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Hello Revit Forum, new user considering Revit implementation

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    Hello Revit Forum, new user considering Revit implementation

    Hello guys, good to be here.

    So I'm here because I want to take my very small construction company to the next level. Our first project was a redisential 7,000 sq. feet building. Pretty much everything was a mess, on foundations and structure we had a 20%+ cost overrun, which meant we had to sacrifice many design ideas to keep the overall project with "only" a 10% overcost. MEP installation was also problematic, with multiple items that had to be redone during construction.

    For our next project, we'll be making a small building with a total area of about 11,000 sq feet. My questions are the following:

    1. Is it worth it to implement Revit in my business considering the size of projects we are currently handling?
    2. Should I as manager take formal training in the tool? My experience is in project management, so for my next project I will take a much bigger role in Architectural/MEP coordination. On the first project I just trusted the firm I subcontracted but learned the hard way. I understand implementing BIM is something that requires leadership and processes and I am willing to put the effort for this to work.
    3. For my main drafter (and even myself), there is an Autodesk approved training that starts April 22nd, its 40 hours and you present a certification exam. How recommendable is this route vs. other training options such as online tutorials, user manuals, and pretty much "playing with the software".

    Any other feedback or suggestions you may have will be welcome. Thanks in advance!


    Hey Gerry, welcome to the forum.
    I was wondering if your company does drawings now as well, in AutoCAD or any other program, or that other companies do that for you. What I mean is, does the architect make a model/drawings, the structural engineer, the MEP guy? If that is the case and you have mainly a coordination role I would go with navisworks or solibri instead of revit for yourself. You can do clash control with those to better check all the models. If your drafter needs to do modelling work for the project then a course would be best but you need to know that after a course there is still a lot to learn and figure out before he is as fast with revit as he is with the program he uses now. Depending on your guy that can take up to 6 months.
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      Hi Gerry,

      If you are the construction company this will definately work in your favor.

      But I need to know what the other players in your projects are supplying you with.

      I think I may have misunderstood your role in the construction process, you mention a drafter, so are you in the design team (ie structural) or are you doing the actual building and construction? Are you the architect? Are you the developer? You say construction company, but then some of your other points make me think you are an architect.

      The reason this is important, is because it will mean either you are receiving 3D models from other parties, or you are the ones making them.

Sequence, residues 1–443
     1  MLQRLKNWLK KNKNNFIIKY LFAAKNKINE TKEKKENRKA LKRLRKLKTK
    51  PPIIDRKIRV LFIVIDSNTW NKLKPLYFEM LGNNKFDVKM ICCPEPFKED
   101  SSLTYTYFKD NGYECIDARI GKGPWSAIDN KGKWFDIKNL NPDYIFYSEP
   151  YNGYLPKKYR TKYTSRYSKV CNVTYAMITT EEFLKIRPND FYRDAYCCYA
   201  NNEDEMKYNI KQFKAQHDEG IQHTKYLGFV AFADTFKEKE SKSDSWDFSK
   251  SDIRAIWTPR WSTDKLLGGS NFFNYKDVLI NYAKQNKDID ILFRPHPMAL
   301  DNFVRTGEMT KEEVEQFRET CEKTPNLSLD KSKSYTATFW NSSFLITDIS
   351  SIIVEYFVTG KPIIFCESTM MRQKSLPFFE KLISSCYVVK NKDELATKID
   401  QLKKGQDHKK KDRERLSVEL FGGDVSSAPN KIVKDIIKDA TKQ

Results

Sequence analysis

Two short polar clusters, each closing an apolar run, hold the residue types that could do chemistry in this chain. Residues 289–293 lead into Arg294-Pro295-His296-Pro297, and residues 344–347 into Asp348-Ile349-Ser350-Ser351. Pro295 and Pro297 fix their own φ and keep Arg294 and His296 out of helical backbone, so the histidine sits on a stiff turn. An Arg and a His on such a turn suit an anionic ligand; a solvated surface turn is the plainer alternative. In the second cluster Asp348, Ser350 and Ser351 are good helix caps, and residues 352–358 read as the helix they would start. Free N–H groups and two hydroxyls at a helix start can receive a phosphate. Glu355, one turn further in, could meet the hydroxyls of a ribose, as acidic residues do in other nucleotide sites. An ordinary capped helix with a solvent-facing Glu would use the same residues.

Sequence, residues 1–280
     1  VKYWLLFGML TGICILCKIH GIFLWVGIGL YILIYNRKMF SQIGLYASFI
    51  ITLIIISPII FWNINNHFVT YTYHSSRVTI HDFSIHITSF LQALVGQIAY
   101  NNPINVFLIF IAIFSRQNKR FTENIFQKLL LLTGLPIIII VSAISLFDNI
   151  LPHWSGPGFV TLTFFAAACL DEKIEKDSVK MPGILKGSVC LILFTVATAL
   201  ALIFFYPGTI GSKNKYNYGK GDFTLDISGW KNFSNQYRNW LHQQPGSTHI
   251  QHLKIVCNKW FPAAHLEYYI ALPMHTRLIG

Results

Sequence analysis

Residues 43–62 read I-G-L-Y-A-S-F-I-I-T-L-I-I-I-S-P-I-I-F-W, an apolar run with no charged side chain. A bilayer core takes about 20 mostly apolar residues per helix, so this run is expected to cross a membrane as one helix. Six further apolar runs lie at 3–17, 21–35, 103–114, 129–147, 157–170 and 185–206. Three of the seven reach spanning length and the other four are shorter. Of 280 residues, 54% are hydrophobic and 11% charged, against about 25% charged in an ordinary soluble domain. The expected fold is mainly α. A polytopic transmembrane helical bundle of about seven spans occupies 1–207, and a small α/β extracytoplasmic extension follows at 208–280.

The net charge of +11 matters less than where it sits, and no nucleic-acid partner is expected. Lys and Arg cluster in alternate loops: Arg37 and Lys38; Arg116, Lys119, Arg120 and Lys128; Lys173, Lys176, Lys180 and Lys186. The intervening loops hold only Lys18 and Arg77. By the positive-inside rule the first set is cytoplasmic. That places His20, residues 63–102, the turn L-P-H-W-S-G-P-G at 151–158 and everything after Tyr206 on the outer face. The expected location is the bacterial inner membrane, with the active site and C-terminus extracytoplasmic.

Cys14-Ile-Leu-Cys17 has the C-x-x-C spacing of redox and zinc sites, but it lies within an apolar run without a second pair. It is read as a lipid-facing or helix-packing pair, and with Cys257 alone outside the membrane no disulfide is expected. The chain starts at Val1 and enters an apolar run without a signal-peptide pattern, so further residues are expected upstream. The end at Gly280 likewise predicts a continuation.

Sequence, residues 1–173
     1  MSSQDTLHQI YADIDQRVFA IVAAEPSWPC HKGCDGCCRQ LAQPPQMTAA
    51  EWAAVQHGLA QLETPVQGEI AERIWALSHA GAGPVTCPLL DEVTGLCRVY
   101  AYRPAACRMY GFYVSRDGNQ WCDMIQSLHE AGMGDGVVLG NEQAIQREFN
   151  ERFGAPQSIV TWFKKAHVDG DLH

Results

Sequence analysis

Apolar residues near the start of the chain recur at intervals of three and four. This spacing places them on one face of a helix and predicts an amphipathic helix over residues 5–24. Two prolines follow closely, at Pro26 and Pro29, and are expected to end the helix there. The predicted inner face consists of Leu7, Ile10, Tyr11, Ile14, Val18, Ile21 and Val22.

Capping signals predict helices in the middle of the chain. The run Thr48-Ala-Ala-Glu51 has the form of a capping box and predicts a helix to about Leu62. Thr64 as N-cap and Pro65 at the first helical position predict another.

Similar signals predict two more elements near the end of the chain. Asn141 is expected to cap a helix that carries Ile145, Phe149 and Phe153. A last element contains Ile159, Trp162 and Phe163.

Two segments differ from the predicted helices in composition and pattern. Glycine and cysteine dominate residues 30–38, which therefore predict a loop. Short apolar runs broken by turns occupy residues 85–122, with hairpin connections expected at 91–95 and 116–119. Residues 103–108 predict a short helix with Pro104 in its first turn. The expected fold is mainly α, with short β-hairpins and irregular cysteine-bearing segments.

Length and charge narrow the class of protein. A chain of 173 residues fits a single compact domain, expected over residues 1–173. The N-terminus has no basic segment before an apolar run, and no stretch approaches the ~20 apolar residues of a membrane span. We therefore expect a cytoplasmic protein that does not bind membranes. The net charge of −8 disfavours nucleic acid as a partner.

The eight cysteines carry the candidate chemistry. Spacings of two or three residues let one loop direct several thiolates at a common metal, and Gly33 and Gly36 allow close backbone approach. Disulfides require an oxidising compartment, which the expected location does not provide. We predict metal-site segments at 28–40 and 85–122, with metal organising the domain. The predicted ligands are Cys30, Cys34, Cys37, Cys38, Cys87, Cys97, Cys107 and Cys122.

If you are just getting models from others, then it is much less complicated for you in some respects (like software choice).
      If you are just doing project management, then Navisworks Manage is a better choice for what you need, revit is a design tool and then we leverage that data in the model for other phases (such as construction) using other software that is better suited to the task.

      Revit has some clash detection features, but you are limited to clash detection between elements existing solely in the revit environment.
      What does this mean? It means if your architect is working in archicad, and your mechanical designer in inventor, and your structural team in revit then you have no way of doing clash detection, short of traditional methods (which by the way should also work but there is a greater risk of error)

      Navisworks on the other hand can take almost any file format, and put them in a federated model state for you to be able to do clash detection.

      So to answer your questions in order here and concisely - and sorry to answer some with questions

      1. First, analyse your needs. Revit is great for modeling, but what exactly do you need to get out of it? If you are doing only the project management side then revit is not what you want.
      2. The advantage is on small firms for implementation. Your costs are lower, and you have less people to train. Formal training as a project manager (BIM Coordinator - is really where you are going here) is a good idea, but it will be hard to find. The company I am with now does offer training in this role, will depend on where you are. Are you in the EU or UK? If so I can point you to someone that can help you.
      3. Definately do a basic training course. Don't forget though that this is a software training course. They teach you how to use the software, not how to apply it to your business. So yes formal training is a good idea (again I can help you with that if you are in the EU or the UK)
      Is the certification the Autodesk certification? I would say 40 hours is not enough to complete this certification, the Autodesk recommendation is Something like 400 hours of revit usage before you do the certified Professional exam.


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